As I’ve said before, if all you know about fire is the tee-pee camp fire, then you don’t know enough about fire to survive in anything be the most ideal scenario. The more versatile your fire building skills are, the better chance of survival you have in a variety of scenarios. The amount of, and the type of fuel available to you in the wilderness will not always be the same. Likewise, the purpose of your fire, and the weather conditions that you are going to be using it in will change. For times when you will need a slow burning fire that requires little to no maintenance, the upside-down fire is a great option. Here’s how to get one started.
- First, you will need to gather all your fuel, this fire will need to be set up completely before starting.
- Begin by arranging the largest pieces that you have on the bottom layer. Full round logs are great for the bottom. Lay several of them parallel with each other, but unlike the log cabin fire, these pieces should be touching. This bottom layer needs to be as large as you can make it since it will serve as a foundation for the rest of your fire.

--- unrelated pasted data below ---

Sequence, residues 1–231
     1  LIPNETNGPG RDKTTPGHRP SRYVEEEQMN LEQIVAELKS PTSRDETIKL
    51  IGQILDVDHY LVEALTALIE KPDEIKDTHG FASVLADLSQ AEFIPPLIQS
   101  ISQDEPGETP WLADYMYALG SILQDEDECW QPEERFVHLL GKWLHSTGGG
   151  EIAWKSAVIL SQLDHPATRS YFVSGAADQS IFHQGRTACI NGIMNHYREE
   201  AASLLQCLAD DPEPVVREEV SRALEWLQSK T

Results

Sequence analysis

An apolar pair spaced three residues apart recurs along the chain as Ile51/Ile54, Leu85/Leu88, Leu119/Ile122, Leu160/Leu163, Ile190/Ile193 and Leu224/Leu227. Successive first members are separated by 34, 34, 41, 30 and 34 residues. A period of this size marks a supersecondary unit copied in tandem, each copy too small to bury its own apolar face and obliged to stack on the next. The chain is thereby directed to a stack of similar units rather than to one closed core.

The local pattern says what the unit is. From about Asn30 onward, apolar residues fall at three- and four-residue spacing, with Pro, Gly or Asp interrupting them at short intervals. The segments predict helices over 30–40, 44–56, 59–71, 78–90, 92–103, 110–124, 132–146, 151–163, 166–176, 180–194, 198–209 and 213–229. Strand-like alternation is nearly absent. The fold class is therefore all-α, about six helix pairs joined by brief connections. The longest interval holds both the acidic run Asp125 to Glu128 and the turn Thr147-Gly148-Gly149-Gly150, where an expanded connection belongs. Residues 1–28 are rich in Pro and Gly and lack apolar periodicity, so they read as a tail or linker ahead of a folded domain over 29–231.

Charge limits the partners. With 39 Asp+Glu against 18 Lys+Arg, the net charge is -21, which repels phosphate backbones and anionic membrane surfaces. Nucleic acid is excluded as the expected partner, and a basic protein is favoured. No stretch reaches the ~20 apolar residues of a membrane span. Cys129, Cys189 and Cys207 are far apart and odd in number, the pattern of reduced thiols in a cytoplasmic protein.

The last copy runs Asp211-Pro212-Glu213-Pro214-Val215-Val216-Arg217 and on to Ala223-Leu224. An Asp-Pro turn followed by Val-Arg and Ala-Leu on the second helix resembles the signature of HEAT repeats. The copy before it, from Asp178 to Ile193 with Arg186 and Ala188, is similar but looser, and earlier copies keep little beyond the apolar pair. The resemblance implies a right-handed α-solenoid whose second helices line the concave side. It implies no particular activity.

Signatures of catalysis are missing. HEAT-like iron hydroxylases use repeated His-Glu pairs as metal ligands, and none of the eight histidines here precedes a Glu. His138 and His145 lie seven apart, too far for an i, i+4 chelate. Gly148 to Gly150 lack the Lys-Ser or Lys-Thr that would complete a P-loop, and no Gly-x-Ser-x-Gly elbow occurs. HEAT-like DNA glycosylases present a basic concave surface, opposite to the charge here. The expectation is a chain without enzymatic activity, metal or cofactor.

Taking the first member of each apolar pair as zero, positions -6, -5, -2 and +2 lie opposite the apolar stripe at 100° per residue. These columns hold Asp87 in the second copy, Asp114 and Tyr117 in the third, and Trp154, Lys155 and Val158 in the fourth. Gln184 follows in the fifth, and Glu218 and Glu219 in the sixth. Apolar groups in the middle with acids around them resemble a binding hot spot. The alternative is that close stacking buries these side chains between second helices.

- Gradually decreasing in diameter and length, add additional layers. Each layer should slightly smaller than the layer beneath it and perpendicular to it.
- When you have gotten to a layer that is less than 12’ square, lay your kindling down. Then your tinder on top of your kindling layer with only a few pieces of kindling saved to put on top of the tinder when it catches.
- Start the tinder as you normally would, put some kindling on top of it, and blow until it has all caught.
Because the fuel source is beneath the heat of the flames and only the coals will have contact with new fuel, the fire burns slowly. This build is not good when your fuel is wet. A upside-down fire can burn for hours without any attention, this makes them great for signal fires since you can start one and then head to the next two without worrying that the first will go out. They are also great when you need to get a shelter built and can’t spend time tending to the fire.
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